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Local college athletes watch as seasons canceled due to COVID-19

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Bethel College junior Emalee Overbay was off to a great start to her softball season with the Threshers before she saw her season canceled thanks to the COVID-19 virus.

Before the Kansas High School Activities Association announced it would be canceling the spring sports season Wednesday, colleges and their athletes were already days in to a horrible realization.

Both the NCAA and NAIA canceled all spring sports and their postseasons last week due to the spread of the COVID-19 virus that has left the entire country scrambling for an ounce of normalcy.

Louisburg High School graduates Emalee Overbay and Isabelle Holtzen are still trying to find it.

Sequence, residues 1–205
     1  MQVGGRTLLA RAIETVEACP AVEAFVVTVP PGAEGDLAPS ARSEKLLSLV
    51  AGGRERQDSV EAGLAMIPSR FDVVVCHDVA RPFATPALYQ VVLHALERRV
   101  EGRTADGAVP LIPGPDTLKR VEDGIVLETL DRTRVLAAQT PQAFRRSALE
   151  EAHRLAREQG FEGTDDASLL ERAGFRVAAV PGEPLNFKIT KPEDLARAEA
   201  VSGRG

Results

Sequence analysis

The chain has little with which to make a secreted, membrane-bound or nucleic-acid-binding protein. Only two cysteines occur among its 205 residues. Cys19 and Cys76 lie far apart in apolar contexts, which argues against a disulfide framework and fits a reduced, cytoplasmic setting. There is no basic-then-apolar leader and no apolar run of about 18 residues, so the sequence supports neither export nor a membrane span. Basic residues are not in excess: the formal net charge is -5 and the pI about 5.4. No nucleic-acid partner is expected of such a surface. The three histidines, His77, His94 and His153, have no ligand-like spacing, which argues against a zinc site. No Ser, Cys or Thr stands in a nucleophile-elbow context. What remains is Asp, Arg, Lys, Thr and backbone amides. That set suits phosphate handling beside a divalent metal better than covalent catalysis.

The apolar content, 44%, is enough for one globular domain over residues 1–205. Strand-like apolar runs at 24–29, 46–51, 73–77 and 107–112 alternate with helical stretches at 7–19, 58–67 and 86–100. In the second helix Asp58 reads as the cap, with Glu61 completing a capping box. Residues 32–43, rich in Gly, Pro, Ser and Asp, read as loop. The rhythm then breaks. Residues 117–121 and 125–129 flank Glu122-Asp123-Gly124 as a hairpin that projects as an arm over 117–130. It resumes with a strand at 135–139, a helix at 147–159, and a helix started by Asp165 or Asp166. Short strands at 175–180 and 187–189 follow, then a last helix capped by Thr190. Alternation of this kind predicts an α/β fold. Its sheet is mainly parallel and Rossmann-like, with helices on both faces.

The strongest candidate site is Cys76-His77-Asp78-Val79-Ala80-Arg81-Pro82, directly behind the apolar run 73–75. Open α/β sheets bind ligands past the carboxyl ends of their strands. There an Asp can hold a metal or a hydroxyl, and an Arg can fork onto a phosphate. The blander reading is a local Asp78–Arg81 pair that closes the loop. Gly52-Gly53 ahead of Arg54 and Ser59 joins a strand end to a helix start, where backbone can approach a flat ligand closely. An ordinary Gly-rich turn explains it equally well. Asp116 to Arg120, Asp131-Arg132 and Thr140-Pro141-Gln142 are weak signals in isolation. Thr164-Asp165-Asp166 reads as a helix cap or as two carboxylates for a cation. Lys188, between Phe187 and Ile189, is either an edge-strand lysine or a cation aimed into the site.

Overbay, Holtzen and college athletes across the country were shocked when they were informed their seasons that they had prepared for months for, was taken away in the matter of minutes.

Although Holtzen and Overbay are considered underclassmen, and still have the opportunity to compete next season, the loss of the next two months of competition has been hard to swallow.

It was a life no one saw coming.


All was going well for Holtzen, who is a sophomore pole vaulter at the University of Northern Iowa. She competed in the indoor season over the winter and achieved some personal bests in the process.

Holtzen finished her indoor campaign on top as she took third at the Missouri Valley Conference meet with clearance of 3.63 meters (close to 12 feet). That placing earned her all-conference honors for the first time in her career.

“Indoor season this year was honestly a bit of a challenge for me,” Holtzen said. “Early on in the year, I was able to PR, but then kinda fell into a slump about halfway through. It was extraordinarily frustrating as I was dealing with a bit of an injury and wasn’t performing as well as I wanted. Luckily, I have amazing teammates, coaches and family that helped me figure it out. I was very excited to be able to receive all-conference honors, especially since it ended up being my last meet of the year.”